Why is this interesting? - The Home Exercise Edition

On quarantine, health, and staying fit while you’re staying home

Todd Osborn (TO) recently contributed an all-time WITI classic. Here, he shares some tips when you need to workout at home (as most of us now do). Note: he’s not a trainer or physician, rather a sharp guy kindly sharing his recs. - Colin (CJN)

Todd here. When I was in the military I worked out regularly. I never enjoyed going to a gym so I would focus on effective bodyweight exercises that could primarily be done in a dorm room. Nowadays, my only goal is to stay healthy—not working towards any military qualification. I've always tried to take in all the data to see what actions are most effective and adaptable whether a dorm room, hotel room, or any other personal space.

Why is this interesting?

Now that everyone is securely in their homes and has promised not to go anywhere unless absolutely necessary, you may find you're not getting as much walking in as you would on a normal day. Likewise, you can't even get to the gym with all those fancy machines. So here are a few tips on doing a small workout at home. Much of this is obvious but still comes up enough to warrant repeating. I'm a fan of doing bodyweight exercises, so there are a minimal amount of equipment recommendations.

Always warm-up (10 minutes of jogging in place is fine) and always stretch after your workout, not before. Don't stretch muscles that aren't warmed up, you're asking for hurt. Speaking of which, if you start to do a move or pick something up and it hurts, stop! Do something else. Don't "power through." Assuming that you all aren't 25 years old, if you get hurt it's going to take weeks to get better. Quarantine sucks in general but it will depress you even more if you're stuck at home looking at the new Amazon dumbbell you can't pick up. 

Now, one side note to this is you might have some specific stretch you want to do before a unique exercise, but I’m just talking generally and if you have a special pre-workout stretch you need to always do it after warming up. For me (and I think many others) the shoulders are the main area to be wary of. Most people do push-ups wrong, check a video on the right way. I can imagine people stuck in the house thinking they're going to get busy on a "1000 push-up challenge" and quickly damage a rotator cuff. 

I recommend always doing some door frame shoulder stretches first (yeah, I know, I just said not to do stretching first, ha, but this is the only thing). It pushes your shoulders into a place where they should be. It's very slight, but you'll feel your posture get a little better when you do it. For just about any exercise I can think of, you'll get more out of it with less chance of pain if you keep your shoulders back with the shoulder blades down and together. Also, do some arm circles in your warm-up—tiny ones and large ones—if you're like me you'll hear some little pops as you loosen up and it's good to get that out of the way.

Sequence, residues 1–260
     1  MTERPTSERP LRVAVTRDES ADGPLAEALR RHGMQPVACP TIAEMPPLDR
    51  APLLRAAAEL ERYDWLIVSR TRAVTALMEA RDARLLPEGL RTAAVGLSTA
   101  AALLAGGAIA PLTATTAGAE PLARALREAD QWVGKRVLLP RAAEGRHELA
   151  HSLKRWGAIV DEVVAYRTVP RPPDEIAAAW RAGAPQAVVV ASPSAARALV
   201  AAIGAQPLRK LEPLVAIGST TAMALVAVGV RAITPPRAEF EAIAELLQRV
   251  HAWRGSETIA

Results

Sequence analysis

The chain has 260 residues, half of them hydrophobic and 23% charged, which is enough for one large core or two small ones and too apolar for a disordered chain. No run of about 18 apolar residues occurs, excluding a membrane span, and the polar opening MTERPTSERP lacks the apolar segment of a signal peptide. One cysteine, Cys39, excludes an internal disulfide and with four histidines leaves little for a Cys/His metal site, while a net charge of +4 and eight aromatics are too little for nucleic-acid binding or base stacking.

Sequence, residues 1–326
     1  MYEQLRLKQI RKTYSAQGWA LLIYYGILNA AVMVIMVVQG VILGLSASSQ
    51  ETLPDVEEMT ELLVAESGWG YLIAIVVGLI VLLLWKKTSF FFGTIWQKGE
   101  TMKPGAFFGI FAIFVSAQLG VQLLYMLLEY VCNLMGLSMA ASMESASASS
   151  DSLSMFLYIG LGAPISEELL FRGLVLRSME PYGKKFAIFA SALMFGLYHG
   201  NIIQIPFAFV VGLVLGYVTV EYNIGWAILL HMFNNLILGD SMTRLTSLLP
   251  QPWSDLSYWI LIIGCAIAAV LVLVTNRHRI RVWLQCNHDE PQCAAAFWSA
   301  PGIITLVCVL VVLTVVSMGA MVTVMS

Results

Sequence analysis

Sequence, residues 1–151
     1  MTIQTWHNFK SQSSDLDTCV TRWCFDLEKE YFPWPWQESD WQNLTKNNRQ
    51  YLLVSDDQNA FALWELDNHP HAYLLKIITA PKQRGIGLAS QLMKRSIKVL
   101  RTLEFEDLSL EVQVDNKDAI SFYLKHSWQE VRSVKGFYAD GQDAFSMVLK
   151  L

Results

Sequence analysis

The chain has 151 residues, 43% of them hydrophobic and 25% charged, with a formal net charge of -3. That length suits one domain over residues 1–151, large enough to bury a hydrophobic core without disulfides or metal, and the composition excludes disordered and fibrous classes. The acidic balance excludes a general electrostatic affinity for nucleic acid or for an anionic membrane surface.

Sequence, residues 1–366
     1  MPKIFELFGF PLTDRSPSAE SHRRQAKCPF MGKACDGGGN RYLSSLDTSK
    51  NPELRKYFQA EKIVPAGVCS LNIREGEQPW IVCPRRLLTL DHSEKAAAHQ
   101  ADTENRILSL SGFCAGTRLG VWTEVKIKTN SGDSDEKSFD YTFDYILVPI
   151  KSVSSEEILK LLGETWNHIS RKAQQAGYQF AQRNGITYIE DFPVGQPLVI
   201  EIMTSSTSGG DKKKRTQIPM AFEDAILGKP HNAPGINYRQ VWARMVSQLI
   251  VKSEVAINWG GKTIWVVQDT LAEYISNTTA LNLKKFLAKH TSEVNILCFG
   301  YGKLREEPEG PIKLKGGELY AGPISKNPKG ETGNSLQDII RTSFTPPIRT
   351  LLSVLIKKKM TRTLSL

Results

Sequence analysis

If you're doing anything with weights—including bodyweight, like push-up, pull-up, and the like—be sure not to miss out doing negatives to get the most out of each move. For example, if you're doing a pull-up, try to get up there in 1 second but slowly lower yourself back down over 5 seconds. If you want to use a weight right now, I suggest a modular kettlebell. Something like this is good for a small space and versatile. You can get quickly winded just doing swings, and you can add weight as you get stronger without having a million different sizes taking up space. On a budget? Fill a couple of plastic milk gallons with water.

Ordering an exercise bike right now is a great way to get your delivery driver to hate you, so a good speed rope will suffice. Just something simple like this is perfect, and doing some cardio in a confined space will really help you mentally since exercise is a great antidepressant.

You're stuck inside with limited space, but try not to do all your exercises sitting down or on a bench. And when you find some exercises you like, try to switch them up even slightly to keep getting the most out of your workout—you don't want your muscles to get acclimated to the same motions. Also, don't rely on memory. Write down your progress. You'll be able to see that you're getting better and what goals to set next.

Now, of course, this doesn't start working in an hour like Tylenol, you need to start it and stick with it. This newly forced change of lifestyle can be used as an opportunity to break bad habits and start new positive ones. It would be a fantastic twist to come out of this healthier than when you went in. (TO)

Product of the Day:

We have hot water heating and my apartment gets particularly dry in the winter. Now that I’m spending almost all my waking hours inside, I’ve found myself feeling particularly dried out. I have a couple of humidifiers around, but I particularly like these little $10 humidity gauges (they’ve also got temperature). The ideal indoor humidity is apparently somewhere around 40-60 percent. (NRB)

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Thanks for reading,

Noah (NRB) & Colin (CJN) & Todd (TO)


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